Appeal by plaintiffs from orders entered 18 July, 17 August
and 31 August 2006 by Judge William C. Griffin, Jr. in Beaufort
County Superior Court. Heard in the Court of Appeals 10 May 2007.
Sidney M. Alekman plaintiff-appellant pro se.
Harris, Creech, Ward and Blackerby, P.A., by W. Gregory
Merritt and Jay C. Salsman, for defendant-appellee.
Sidney M. and Estelle B. Alekman (plaintiffs) appeal pro se
from orders entered 18 July, 17 August and 31 August 2006
dismissing plaintiffs' complaint alleging damages as a result of
landscaping work performed by Ashley's Lawn Care, Inc. and Thomas
A. Elks (defendants).
While plaintiffs' action was pending in District Court,
defendants filed a Motion to Compel Discovery and to Inspect and
Permit Entry upon Plaintiffs' Premises. Plaintiffs, by
correspondence to the Beaufort County Clerk of Court on 19 April
2006, indicated that they were unavailable during the month of Mayand would not be able to attend the hearing. Plaintiffs did not
file a motion to continue and did not appear at the 19 April
hearing. District Court Judge Regina Parker continued the hearing
until 22 May 2006. Again by letter addressed to Judge Parker on 8
May 2006, plaintiffs indicated they were unavailable to attend the
22 May 2006 hearing and Judge Parker continued the hearing until 19
June 2006. On 10 May 2006, after receiving plaintiffs' Third
Amended Statement of Monetary Relief Sought which indicated
plaintiffs were seeking $12,031.32 in damages, defendants filed a
Motion to Transfer to Superior Court.
(See footnote 1)
On 18 May 2006, plaintiffs wrote a letter directly to Judge
Griffin requesting that the hearing date on defendants' Motion to
Transfer be changed. Plaintiffs did not file a motion to continue
the hearing and did not receive permission to not attend the
hearing. Defendants' Motion to Transfer was called for hearing by
Judge Griffin on 8 June 2006; plaintiffs were not present. By an
order signed 9 June 2006, Judge Griffin granted defendants' Motion
to Transfer and ordered plaintiffs to pay sanctions totaling
$662.30 within 20 days of the filing of the order. The order,
filed 14 June 2006, expressly provided that failure to comply with
this Order may result in [plaintiffs'] action being dismissed with
prejudice. During the hearing of defendants' Motion to Transfer,Judge Griffin considered plaintiffs' request to continue the
hearing, but denied the request. Judge Griffin determined that
plaintiffs misrepresented their unavailability during the month of
May, as evidenced by their active participation in the case during
May, including numerous letters, pleadings, and discovery.
On 3 July 2006, defendants filed a Motion for Sanctions for
plaintiffs' failure to comply with the trial court's 9 June 2006
sanctions order, and noticed the motion for hearing on 17 July
2006. This motion was preceded by plaintiffs' Motion for
Extension of Time to Comply with Order, filed 27 June 2006.
Plaintiffs did not notice this motion for hearing until 5 July
2006, requesting that it be heard at the 17 July 2006 session of
court. Plaintiffs did not receive an extension of time to comply
with Judge Griffin's 9 June 2006 sanctions order. When plaintiffs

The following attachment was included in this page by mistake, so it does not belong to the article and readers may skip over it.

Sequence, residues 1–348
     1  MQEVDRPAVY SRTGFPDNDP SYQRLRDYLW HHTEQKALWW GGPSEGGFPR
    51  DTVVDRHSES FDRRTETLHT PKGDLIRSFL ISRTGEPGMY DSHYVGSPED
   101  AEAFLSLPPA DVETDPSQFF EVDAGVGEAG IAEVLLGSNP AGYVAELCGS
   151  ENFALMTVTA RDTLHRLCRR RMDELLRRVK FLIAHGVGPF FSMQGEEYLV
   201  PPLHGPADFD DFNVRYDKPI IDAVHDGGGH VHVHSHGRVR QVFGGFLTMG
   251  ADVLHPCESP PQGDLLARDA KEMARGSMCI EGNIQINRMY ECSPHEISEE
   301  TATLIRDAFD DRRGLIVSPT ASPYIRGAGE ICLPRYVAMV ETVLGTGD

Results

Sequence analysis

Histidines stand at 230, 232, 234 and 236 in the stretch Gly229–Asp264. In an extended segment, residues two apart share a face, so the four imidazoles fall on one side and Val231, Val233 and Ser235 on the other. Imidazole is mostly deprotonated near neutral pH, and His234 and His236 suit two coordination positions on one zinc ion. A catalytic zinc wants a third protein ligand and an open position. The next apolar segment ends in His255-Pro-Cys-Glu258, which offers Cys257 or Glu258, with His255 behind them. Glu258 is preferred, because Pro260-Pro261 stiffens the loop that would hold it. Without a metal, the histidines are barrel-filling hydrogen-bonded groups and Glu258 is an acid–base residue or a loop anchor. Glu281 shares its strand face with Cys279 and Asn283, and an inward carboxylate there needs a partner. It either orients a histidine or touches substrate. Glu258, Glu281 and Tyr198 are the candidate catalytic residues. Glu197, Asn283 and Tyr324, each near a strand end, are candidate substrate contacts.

had not yet complied with Judge Griffin's order to pay the
sanctions by the 17 July 2006 hearing date on defendants' Motion
for Sanctions, Judge Griffin determined plaintiffs' failure to
comply with his order was intentional, knowingly done, and without
excuse, justification, or good cause shown. Accordingly, Judge
Griffin, after considering less severe sanctions, in his
discretion, determined plaintiffs' Complaint should be dismissed
with prejudice. Plaintiffs appeal.
Plaintiffs raise the following issues on appeal: whether the
trial court erred by (I) ruling on defendants' motion to transfer
without granting plaintiffs' request for continuance; (II & III)transferring the case from district to superior court; (IV)
considering defendants' motion to transfer when plaintiffs were not
present; (V) denying plaintiffs' motion for an extension of time to
comply with court ordered sanctions; (VI) concluding plaintiffs
knowingly and intentionally failed to comply with the order,
without excuse or good cause; (VII) dismissing plaintiffs' case
without considering lesser sanctions; (VIII) not hearing
plaintiffs' Rule 60 motion; and (IX) not hearing plaintiffs' Rule
Plaintiffs contend the trial court erred by ruling on
defendants' motion to transfer without granting plaintiffs' request
for continuance. Rule 40 of the North Carolina Rules of Civil
Procedure provides, [a] continuance may be granted only for good
cause shown and upon such terms and conditions as justice may
require. N.C. Gen. Stat. § 1A-1, Rule 40(b) (2005).
The standard of review for denial of a motion
to continue is generally whether the trial
court abused its discretion. The chief
consideration to be weighed in passing upon
the application is whether the grant or denial
of a continuance will be in furtherance of
substantial justice. The moving party has the
burden of proof of showing sufficient grounds
to justify a continuance.
Morin v. Sharp
, 144 N.C. App. 369, 373, 549 S.E.2d 871, 873, disc.
, 354 N.C. 219, 557 S.E.2d 531 (2001) (citations and
quotations omitted); Shankle v. Shankle
, 289 N.C. 473, 482, 223
S.E.2d 380, 386 (1976). This Court has previously found that a
party's failure to make a formal motion for continuance andfailure to appear at the motion hearing supports a trial court's
denial of a motion to continue. See Jennings Glass Co. v. Brummer